Updated alcohol guidelines

Thursday, 10 December 2020

The latest evidence-based guidelines on the number of alcoholic drinks you can have in a week are out.

The guidelines

  • Healthy men and women

To reduce the risk of harm from alcohol-related disease or injury for healthy men and women, drink no more than 10 standard drinks per week and no more than 4 standard drinks on any one day.

The less you choose to drink, the lower your risk of alcohol-related harm. For some people not drinking at all is the safest option.

  • Children and young people

To reduce the risk of injury and other harms to health, children and young people under 18 years of age should not drink alcohol.

  • Pregnancy and breastfeeding

To reduce the risk of harm to their unborn child, women who are pregnant or planning a pregnancy should not drink alcohol.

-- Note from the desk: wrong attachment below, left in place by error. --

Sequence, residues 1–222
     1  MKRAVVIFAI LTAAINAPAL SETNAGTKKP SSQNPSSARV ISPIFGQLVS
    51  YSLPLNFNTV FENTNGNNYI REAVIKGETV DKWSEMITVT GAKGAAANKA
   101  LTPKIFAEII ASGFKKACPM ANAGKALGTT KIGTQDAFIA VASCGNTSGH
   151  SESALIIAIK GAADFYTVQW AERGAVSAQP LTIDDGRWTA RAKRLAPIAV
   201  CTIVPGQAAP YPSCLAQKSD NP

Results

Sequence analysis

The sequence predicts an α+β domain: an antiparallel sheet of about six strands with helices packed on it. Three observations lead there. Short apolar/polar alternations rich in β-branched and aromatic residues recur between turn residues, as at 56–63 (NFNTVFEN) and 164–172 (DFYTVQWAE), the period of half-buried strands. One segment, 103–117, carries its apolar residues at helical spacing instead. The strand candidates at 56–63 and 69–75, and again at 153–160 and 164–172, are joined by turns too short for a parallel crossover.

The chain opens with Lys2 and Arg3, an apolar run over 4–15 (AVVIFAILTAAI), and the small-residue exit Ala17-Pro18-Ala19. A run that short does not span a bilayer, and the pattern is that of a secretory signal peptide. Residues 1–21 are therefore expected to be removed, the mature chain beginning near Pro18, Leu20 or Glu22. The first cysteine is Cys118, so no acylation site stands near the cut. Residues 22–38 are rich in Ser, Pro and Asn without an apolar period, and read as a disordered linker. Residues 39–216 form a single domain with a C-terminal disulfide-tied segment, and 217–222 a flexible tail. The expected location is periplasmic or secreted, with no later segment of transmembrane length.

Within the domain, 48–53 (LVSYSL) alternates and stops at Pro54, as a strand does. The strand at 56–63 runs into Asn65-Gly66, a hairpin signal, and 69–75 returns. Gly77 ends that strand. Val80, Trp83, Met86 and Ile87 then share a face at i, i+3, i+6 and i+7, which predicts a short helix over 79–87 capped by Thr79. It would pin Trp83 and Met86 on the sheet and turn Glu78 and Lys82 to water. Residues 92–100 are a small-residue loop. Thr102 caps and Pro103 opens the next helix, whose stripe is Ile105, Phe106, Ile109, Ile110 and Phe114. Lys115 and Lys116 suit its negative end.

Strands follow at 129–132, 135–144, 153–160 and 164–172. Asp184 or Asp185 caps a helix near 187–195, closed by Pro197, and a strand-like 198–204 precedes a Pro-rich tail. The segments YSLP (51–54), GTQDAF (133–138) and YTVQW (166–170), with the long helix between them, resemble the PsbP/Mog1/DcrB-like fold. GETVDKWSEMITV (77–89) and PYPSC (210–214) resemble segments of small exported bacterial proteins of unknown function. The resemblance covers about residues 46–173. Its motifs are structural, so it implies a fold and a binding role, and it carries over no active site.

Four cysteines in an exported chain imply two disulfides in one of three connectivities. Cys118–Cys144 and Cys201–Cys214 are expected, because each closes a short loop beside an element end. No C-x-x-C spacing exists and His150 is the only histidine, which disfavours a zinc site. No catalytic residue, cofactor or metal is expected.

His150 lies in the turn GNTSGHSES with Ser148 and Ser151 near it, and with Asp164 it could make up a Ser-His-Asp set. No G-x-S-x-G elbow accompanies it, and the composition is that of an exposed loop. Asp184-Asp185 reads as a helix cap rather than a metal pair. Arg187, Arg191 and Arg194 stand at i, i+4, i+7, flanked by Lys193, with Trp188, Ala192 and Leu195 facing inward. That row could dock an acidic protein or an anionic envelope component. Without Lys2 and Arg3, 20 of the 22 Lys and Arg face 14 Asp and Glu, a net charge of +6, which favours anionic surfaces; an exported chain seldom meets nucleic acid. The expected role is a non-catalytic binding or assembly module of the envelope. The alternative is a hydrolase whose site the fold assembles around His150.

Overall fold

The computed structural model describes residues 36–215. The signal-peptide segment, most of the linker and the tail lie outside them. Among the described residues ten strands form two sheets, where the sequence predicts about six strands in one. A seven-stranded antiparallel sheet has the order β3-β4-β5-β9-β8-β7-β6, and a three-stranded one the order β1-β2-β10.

For women who are breastfeeding, not drinking alcohol is safest for their baby.

Note that a standard drink contains 10g of alcohol. Many drinks have more than one standard drink in them so check the label on your bottle or container to see how many standard drinks are in it.


Alcohol and diabetes

I don’t want to be a party pooper but if you have health concerns such as diabetes, heart disease, high blood pressure, liver problems or kidney disease you don’t fall under the category ‘healthy men and women’ and you may be better off choosing not to drink alcohol at all.

If you do decide to drink alcohol follow the guidelines, set yourself a drinks limit and stick to it, make sure you drink water or a non-alcoholic drink between alcoholic drinks, eat before you start drinking, and make sure you have a sober driver.

If you take insulin you are at higher risk of having a hypo (low glucose event) many hours after drinking alcohol so take some precautions to manage your hypo risk as well. Make sure you eat plenty of carbohydrate, regularly check blood glucose levels and ensure one or more of your friends knows the signs and symptoms as well as how to treat a hypo, just in case you aren’t able to.


By Dale Cooke, Accredited Practising Dietitian

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